Poetry Prompts Freeforall: Bring it on NaPoWriMo

28 Mar

10:03 a.m. — Atlanta

listening to Say When sung by The Fray

Hello, there. This is the last Freeforall until May. Should you still want to check out sites and don’t want to bookmark a whole lot of places, pin the link to this post to your blog and you’ll be able to navigate from there. Should I suddenly go silent, I haven’t fallen off the earth. I’m at my mother’s where connectivity is an issue. Enjoy April, everyone.

Donna, in her Other People’s Poetry series, introduces us to Franki Elliot. whose poem ‘Piano Rats’ does the same for my poetic sensibilities as to Donna’s: I’m a sucker for poems that make leaps I can follow, and a double sucker for poems that can do this with attention to detail. Both prompts are cool. I know, not helpful, but you need to read what this poem does; then you’ll see: the prompts are cool and will result in stretching.

Hmmm. I could have sworn I saw resonance eleven come through my inbox. Apparently not. I suspect we have lost Joseph for the next few weeks, although he does say the prompts will continue. I have given you Naming Constellations’ general address to check on.sunday whirl

At The Sunday Whirl, Brenda gives us our usual dozen plus one. Yep, two weeks of baker’s dozens. Must be an omen. If you haven’t wordled yet, what are you waiting for? Brenda will have new words up on Sunday. Visit to see the wordle and to read what others have done.

adele kennyAt The Music In It: Adele Kenny’s Poetry Blog, Adele has a fascinating prompt to do with literary locations. Not only does she give us her usual tips, and example poems, but also, several possible locations. Me, I want to work with Enid Blyton’s Wishing Chair place! Not on the list but popped into my head. Go on over.

At Quickly, Barbara is getting us ready for April. She will be one of the providers of prompts during the longest thirty days of the year. Visit.

We Write Poems’ wordles are different from Brenda’s, so check them out at We Wordle. There is something mesmerising about the amount of words and it’s fun to see how many you can incorporate. The source of words are the poems written for the site’s regular weekly prompt.

There is an art to writing a limerick that transcends the form’s notoriety. We’re at Mad Kane’s Humor Blog for Limerick-off Mondays, my guaranteed smile of the week. Never written one? What are you waiting for? At the least, go read Madeleine’s limerick for the week’s line.magpie

Over at The Mag [Magpie Tales], we have a photograph, My Bed by Tracey Emin.  Ask yourself, What’s the story? Remember: you do not have to write about the whole image. Sometimes you can write to just one tiny part of the whole. Go on over.

At Poetry Jam, Laurie talks about the recent loss of her mother and fashions a prompt for us dealing with letting go, a difficult topic, one which many of us are facing in the next few years. Visit.

carolI love Carols prompt this week.I laughed a couple of times [yes, at the photograph, Carol, but I laughed with you], as I read the back-story. Wonder Wednesday talks about another kind of ‘selfie‘. Head over to check it out.

This week’s prompt at the Found Poetry Review is their last regular one until May. They ask us to take on the Transcendentalists. Stop by their weekly column highlighting found poetry related news and resources. See what the Review is all about. All things found live there.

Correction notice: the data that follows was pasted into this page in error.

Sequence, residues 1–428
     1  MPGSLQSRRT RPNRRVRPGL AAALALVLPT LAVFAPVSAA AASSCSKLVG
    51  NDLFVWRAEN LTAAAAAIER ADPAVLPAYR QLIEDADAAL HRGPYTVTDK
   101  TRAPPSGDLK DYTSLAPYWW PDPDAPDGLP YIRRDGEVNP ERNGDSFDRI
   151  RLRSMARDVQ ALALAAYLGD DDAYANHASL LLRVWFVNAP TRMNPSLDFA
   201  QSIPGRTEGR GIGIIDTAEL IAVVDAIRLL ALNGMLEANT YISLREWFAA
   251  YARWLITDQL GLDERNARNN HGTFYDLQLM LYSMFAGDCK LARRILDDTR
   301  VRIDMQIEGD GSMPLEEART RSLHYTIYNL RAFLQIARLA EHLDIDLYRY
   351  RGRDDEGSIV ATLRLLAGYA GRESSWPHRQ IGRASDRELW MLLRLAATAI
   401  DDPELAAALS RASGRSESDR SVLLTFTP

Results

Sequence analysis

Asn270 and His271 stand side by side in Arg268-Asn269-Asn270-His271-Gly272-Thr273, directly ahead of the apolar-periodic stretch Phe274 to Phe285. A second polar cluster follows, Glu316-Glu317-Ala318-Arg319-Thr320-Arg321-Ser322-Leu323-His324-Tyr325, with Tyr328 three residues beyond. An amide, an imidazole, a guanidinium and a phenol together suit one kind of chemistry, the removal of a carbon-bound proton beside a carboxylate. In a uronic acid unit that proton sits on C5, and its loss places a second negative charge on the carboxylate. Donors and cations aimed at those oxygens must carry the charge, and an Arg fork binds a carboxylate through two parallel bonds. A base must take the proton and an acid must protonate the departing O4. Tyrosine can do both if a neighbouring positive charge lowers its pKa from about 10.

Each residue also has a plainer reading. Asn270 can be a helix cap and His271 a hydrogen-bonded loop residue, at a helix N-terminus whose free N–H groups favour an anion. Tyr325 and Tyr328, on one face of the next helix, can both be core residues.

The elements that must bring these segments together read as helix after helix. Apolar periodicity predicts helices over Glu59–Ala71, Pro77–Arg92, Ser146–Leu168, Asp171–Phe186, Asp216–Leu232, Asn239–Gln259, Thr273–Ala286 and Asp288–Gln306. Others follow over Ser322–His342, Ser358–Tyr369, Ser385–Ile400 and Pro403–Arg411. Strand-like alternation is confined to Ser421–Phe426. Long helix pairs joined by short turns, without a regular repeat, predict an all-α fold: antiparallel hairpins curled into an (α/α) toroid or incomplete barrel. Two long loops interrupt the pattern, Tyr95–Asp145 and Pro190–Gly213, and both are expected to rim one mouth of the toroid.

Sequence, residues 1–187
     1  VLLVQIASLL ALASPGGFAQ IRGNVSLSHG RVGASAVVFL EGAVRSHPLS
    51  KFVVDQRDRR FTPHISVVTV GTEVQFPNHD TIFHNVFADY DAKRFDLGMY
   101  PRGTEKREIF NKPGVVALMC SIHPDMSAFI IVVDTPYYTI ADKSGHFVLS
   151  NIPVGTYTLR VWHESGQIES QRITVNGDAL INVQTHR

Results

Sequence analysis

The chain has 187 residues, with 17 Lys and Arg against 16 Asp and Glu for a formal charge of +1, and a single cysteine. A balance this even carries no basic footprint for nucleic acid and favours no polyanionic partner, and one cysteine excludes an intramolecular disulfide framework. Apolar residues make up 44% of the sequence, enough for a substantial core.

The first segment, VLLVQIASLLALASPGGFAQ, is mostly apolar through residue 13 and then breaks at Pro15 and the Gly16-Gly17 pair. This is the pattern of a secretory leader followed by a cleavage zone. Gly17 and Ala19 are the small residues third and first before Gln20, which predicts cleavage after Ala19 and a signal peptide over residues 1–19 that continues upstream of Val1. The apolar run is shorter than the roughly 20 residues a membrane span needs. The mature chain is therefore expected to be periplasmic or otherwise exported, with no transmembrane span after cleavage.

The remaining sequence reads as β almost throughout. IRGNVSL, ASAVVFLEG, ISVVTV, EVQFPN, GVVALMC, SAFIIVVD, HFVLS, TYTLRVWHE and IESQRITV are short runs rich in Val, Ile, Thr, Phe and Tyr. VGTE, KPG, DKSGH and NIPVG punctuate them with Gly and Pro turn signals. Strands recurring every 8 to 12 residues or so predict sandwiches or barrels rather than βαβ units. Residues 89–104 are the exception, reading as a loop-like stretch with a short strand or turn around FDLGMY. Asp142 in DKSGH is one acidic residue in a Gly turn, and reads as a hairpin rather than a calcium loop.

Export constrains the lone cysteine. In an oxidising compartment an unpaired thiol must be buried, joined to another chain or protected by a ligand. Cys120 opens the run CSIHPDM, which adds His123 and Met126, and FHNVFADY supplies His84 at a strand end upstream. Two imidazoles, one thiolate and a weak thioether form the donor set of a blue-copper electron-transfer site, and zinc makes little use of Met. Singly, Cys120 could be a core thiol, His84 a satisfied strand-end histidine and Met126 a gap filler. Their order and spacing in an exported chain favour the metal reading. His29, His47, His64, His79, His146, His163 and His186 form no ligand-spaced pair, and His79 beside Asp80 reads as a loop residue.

Poets & Writers’ suggestions for all three genres, work as possibilities for a poem subject. This week we have earliest memories, lost & found, and new forms. Visit.toad garden2 ocal

At imaginary garden with real toads, Margaret has a neat prompt to do with flowers. Go play with the toads.

wewritepoems-bannerAt We Write Poems Irene waxes philosophical about childhood. She asks interesting questions. Head over to read.

The Poets United Mid-Week Motif at Poets United, is two languages. Don’t panic. You know more than you think. Don’t forget the language of art, carpentering, boating, maths… Head over to read what Susan suggests we do.dverse

Ah, yes, rhythm. At dVerse, Tony Maude holds our hands through blank verse and metre. Read. Bookmark. Look around while you’re there. Stay awhile; it’s a friendly place. Unless you live in Texas, the ice was put away and we’re looking at toddies again. Good grief, weather.

Whoops! I beat Flashy Fiction Fridayand its newest posting. I gave you the general address. The prompt should be up soon.

If you have questions, ask. If you write in response to any of these, the people whose blogs you visit would love to read your responses. Post to them!

I shall see you Tuesday for the first of thirty days. OCALHand_WritingHappy writing, everyone.

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Posted by on 28/03/2014 in exercises, links, poetry, writing


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2 responses to “Poetry Prompts Freeforall: Bring it on NaPoWriMo

  1. Carol Carlisle

    28/03/2014 at 5:26 pm

    So glad I mad you laugh “with” me 😉
    BTW I got many comments about Tuesday’s post with the sneezing elephant thanks for the inspiration.
    Say I was thinking of using April’s Death March with Poetry to go back and re-do some awkward oldies…Do you think that’s fair?

    • margo roby

      28/03/2014 at 5:29 pm

      I’m laughing again: Death March with Poetry. How gorgeous.
      Of course it’s fair. you’re not breaking any laws. This isn’t a competition. It’s a month where we learn and relearn. Absolutely rework those poems you’ve been meaning to get to, if they fit a prompt.


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